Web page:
Today's mind-boggling advances in brain mapping are possible thanks to developments that have revolutionized imaging over the past three decades. These new methods fall into two broad categories:
- Structural imaging shows brain anatomy but sheds little light on brain activity.
- Functional imaging shows metabolic brain activity, which allows doctors to detect abnormalities like tumors or to determine which areas are involved in certain thought processes and mood states. Often they combine both structural and functional types of images, such as MRI plus PET, for pictures of maximum detail.
Here's an introduction to the types of imaging technologies that scientists use to take ever more precise and accurate snapshots of the brain.
The use of X-rays to generate detailed, three-dimensional images of the body part under examination. An invention that earned a 1979 Nobel Prize for changing the way we look at the brain, CT combines numerous two-dimensional X-ray images to generate 3D cross-sections. The patient lies on a narrow table that slowly passes through a large tube containing X-ray equipment, which takes images of the brain from all angles. A computer calculates the amount of radiation absorbed by the brain to generate a 3D picture that's clearer and more detailed than that produced by conventional X-rays. CT can show normal anatomy as well as abnormal processes like infections or brain tumors. In general, it shows bony structures in more detail than soft tissue. (Also called CAT, for computerized axial tomography).
MAGNETIC RESONANCE IMAGING
A major breakthrough in imaging technology featuring image creation that involves the use of magnetic energy. Patients undergoing MRI lie in a large, powerfully charged magnet that sends strong radiofrequency waves through the brain. That produces a momentary change in the alignment of the brain's hydrogen atoms, which in turn alters the signal emitted by the protons (positively charged particles) in those hydrogen atoms. As with CT, a computer translates this information into highly detailed, three-dimensional pictures of the brain. Invented in 1977, MRI is especially good at showing detail in soft tissue.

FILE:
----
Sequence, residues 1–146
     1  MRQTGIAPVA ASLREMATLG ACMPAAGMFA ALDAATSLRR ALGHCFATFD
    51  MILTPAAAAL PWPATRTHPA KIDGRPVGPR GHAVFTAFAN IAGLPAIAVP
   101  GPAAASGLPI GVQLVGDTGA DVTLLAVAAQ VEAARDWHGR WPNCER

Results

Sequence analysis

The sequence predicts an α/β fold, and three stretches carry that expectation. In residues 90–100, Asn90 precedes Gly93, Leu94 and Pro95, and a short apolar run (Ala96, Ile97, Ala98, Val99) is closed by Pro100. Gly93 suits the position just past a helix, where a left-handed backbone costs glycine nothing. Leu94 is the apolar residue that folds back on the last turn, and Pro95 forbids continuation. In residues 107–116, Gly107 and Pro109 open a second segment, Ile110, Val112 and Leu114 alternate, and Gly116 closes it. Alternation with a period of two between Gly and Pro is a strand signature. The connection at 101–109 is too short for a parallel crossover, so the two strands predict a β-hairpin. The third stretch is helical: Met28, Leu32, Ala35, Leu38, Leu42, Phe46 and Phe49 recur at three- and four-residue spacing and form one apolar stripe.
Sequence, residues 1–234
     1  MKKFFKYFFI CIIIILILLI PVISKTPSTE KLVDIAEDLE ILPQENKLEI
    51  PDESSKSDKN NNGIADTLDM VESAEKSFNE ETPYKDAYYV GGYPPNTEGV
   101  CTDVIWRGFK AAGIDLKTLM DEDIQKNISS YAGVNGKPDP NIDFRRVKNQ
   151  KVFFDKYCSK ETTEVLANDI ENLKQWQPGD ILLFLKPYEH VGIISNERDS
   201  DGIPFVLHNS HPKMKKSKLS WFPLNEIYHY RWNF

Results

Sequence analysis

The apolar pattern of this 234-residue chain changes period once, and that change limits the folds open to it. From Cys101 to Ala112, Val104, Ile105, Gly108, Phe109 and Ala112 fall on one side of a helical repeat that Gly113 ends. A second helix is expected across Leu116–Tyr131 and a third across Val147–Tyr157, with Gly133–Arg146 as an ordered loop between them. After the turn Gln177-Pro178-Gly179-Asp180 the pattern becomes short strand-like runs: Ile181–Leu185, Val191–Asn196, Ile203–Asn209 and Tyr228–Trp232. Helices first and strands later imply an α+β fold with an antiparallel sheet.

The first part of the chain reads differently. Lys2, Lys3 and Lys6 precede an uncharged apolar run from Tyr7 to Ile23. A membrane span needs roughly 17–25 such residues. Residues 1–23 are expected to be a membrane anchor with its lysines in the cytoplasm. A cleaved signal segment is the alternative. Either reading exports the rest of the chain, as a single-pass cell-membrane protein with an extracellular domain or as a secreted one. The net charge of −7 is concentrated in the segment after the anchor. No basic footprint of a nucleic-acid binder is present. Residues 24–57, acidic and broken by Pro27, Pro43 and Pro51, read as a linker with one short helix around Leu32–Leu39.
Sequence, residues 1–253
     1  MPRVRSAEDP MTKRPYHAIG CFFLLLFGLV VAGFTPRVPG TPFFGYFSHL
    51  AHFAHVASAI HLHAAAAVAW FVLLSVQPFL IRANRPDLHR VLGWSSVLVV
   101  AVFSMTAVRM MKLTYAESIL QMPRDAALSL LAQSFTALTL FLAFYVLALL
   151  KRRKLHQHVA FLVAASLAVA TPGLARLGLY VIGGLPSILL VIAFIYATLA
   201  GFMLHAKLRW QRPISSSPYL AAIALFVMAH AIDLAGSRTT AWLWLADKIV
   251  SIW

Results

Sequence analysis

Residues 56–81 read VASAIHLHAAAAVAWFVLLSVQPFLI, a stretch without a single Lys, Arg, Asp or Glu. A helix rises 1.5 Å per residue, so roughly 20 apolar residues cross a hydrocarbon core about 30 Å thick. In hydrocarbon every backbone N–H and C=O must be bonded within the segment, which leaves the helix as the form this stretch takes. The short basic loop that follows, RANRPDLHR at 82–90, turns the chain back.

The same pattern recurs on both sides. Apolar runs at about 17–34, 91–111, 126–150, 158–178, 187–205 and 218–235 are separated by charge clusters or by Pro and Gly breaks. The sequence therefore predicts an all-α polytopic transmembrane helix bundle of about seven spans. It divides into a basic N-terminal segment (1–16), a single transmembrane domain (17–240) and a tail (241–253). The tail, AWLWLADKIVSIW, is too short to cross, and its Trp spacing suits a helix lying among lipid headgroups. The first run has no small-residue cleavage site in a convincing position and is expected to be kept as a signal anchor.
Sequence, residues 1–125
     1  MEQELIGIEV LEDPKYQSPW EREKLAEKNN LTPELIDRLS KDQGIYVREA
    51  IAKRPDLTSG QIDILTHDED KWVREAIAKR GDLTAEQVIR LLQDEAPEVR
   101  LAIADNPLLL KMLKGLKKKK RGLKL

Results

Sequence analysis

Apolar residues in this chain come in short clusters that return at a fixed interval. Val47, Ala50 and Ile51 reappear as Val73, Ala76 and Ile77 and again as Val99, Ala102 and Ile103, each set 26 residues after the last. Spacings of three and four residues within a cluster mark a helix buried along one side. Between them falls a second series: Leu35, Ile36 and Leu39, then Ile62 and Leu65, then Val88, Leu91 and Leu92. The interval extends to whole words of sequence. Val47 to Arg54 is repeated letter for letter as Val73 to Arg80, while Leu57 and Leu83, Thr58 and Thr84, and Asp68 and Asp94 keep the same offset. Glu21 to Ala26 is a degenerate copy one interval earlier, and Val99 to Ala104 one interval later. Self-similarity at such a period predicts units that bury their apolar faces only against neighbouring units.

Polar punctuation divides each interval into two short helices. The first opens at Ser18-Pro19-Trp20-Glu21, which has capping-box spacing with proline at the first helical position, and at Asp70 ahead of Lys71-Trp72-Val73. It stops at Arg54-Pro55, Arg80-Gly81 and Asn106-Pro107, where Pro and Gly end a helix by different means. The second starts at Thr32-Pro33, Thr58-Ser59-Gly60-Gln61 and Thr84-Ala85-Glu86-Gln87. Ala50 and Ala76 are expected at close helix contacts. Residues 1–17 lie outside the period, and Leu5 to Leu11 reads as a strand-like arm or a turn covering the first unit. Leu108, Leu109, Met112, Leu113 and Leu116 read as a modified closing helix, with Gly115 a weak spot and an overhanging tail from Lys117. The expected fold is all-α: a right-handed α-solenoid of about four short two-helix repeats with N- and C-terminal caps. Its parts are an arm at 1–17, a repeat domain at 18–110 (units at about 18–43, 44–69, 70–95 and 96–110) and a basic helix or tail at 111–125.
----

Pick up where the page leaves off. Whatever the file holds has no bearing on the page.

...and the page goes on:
DIFFUSION TENSOR IMAGING
A new application of MRI specifically for creating images of the white matter in the brain. Developed in the mid-to-late '90s, DTI is used to detect tumors and other white matter lesions, and to determine a patient's white matter anatomy when planning for neurosurgery. It can also assess white matter maturation in children.
FUNCTIONAL MAGNETIC RESONANCE IMAGING
A type of MRI that shows brain activity by detecting changes in blood flow in different parts of the brain under various circumstances. The reasoning behind fMRI is that increased blood flow to a certain area reflects increased activity there. To perform fMRI, a series of MRI scans is first taken with the subject in a resting state. Then another MRI series is taken in very rapid succession while the person is performing a mental task, like listening to music or solving a mathematical problem. Images are generated by comparing the differences in brain blood flow between the resting and active states. The parts of the brain showing increases in blood flow (as depicted by the colored spots in this scan) are presumed to be the areas that are activated for that type of task.
POSITRON EMISSION TOMOGRAPHY
An imaging method that measures metabolism changes in the brain, useful for monitoring blood flow and oxygen utilization. Developed in the '70s, PET is based on detection of radiation as measured in particles emitted by radioactive substances. Before undergoing a PET scan, the patient inhales or is injected with a radioactive tracer substance. In the blood, the tracer goes to the organs, including the brain, where it accumulates in regions that are most metabolically active. As the tracer breaks down, it releases the particles, which give off gamma rays. A 3D image is generated by measuring rays emitted from various brain regions. PET scans provide snapshots of metabolism, like protein synthesis or oxygen utilization, at very specific sites in the brain.
SINGLE-PHOTON EMISSION COMPUTED TOMOGRAPHY
Like PET, SPECT is a functional imaging method based on measuring the radiation emitted by a radioactive tracer that is inhaled or injected before the test. The tracer substance used in SPECT breaks down more slowly than PET tracers. SPECT can provide 3D information about blood flow and metabolism in the brain, but it is less detailed than PET images. It is also less expensive to perform and more likely to be covered by insurance.